My boots filled up, I could feel the punch of the rain drops through my jacket and I was soaked to the skin. There was nothing we could do but push on, eventually it stopped and we had a good laugh about it. Then the wind started to pick up again - tumbleweeds were blowing across the road - I had one lodged against my foot for 10km and didn’t even realise. Then the rain began again - just as violently as the first time. Again, there was nowhere to shelter for miles. Eventually we found a small cafe and took shelter and tried to wait out the worst of it. We stayed for about 45 minutes with some locals and had some tea and just didn’t stop shivering.

We eventually deemed it light enough to carry on and it did stop, just as we came to the Ziz River Valley - a sort of miniature red Grand Canyon, with a palm forest winding through it like a green, leafy river, it was yet another beautiful contrast. I arrived at our beautiful palatial hotel, squelched my way to the room and had a long, hot shower to try and get warmth back into my bones. We had dinner and a few drinks and heard the stories of breakdowns, people taking refuge with locals - it’s been chaos today, utter, utter chaos.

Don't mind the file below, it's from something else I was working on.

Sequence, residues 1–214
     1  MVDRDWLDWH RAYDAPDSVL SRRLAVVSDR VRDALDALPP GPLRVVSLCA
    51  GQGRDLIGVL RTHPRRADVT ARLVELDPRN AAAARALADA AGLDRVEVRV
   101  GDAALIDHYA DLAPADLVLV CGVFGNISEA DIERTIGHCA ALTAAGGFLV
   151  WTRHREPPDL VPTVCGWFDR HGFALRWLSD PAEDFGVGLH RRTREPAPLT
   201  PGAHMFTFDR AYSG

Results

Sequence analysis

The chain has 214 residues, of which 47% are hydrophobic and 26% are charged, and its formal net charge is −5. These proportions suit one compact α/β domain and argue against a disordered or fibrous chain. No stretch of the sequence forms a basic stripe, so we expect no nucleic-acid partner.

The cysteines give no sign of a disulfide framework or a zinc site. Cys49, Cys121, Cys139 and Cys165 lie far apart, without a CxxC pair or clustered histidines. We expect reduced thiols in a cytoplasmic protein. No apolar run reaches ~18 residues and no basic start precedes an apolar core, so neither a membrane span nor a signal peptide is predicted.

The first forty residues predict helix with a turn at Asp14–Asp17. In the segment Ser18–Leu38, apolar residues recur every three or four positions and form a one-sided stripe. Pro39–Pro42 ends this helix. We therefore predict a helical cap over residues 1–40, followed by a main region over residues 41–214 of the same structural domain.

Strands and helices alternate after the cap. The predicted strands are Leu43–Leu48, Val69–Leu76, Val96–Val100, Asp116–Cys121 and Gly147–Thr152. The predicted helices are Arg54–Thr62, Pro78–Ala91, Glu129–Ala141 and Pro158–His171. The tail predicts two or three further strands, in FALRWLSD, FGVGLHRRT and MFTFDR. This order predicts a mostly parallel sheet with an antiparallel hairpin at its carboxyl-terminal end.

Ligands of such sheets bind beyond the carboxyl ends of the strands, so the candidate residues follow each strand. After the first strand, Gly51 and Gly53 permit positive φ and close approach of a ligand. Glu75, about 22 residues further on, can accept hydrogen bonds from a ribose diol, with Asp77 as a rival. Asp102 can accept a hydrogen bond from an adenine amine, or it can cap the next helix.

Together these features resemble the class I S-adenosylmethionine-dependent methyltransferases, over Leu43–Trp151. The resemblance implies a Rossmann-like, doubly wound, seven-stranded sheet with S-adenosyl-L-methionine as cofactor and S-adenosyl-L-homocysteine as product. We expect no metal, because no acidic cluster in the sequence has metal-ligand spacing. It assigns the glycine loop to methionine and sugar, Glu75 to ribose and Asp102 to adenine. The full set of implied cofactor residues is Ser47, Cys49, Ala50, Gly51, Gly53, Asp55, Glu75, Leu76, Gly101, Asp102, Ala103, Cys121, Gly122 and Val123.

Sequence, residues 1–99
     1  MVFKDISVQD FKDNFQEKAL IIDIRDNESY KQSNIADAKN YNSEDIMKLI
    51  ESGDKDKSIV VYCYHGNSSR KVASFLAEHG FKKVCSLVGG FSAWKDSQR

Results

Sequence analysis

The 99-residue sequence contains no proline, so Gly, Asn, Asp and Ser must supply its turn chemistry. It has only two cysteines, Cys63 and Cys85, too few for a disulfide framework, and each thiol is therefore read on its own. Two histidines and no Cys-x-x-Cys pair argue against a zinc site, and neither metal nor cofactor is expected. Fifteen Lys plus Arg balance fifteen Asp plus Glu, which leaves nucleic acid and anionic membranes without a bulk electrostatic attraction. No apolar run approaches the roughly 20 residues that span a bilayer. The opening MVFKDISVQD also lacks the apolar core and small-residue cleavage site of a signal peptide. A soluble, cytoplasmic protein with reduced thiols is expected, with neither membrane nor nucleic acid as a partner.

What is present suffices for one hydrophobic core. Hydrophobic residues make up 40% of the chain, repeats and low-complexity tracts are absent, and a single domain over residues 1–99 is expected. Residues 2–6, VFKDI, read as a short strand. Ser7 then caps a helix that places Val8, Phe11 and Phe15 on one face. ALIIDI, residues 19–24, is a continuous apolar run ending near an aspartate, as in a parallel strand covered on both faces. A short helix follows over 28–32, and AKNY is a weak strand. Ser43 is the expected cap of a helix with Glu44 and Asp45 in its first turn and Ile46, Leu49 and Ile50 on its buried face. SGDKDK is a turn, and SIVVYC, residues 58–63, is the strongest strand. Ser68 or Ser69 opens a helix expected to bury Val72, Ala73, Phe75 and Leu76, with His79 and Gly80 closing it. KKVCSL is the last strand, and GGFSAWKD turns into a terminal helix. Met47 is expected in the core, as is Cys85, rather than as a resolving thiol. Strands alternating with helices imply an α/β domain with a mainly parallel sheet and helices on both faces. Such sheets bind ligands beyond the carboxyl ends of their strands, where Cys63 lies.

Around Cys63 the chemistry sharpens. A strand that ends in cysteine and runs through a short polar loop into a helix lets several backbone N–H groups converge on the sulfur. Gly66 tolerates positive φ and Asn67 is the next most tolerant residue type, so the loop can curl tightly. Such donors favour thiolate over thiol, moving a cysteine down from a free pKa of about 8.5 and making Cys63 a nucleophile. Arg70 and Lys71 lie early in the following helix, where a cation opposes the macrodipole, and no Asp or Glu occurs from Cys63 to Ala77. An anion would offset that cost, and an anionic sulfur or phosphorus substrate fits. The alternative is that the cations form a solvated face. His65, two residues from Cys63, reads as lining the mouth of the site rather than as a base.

We set off at about 10:30-11, but it started raining again on the way. We could see the dunes in the distance, glowing orange, acting like a beacon calling us to the dry. The rain did eventually stop, the clouds parted and finally we had the warm sun beating down on us. Today was the dune day and I was really worried about the ride as I’ve not been good in soft sand so far and...going up was incredible! I felt light, in control - almost like skiing - feeling rather than thinking, it was incredible and I was absolutely buzzing when I got to the top.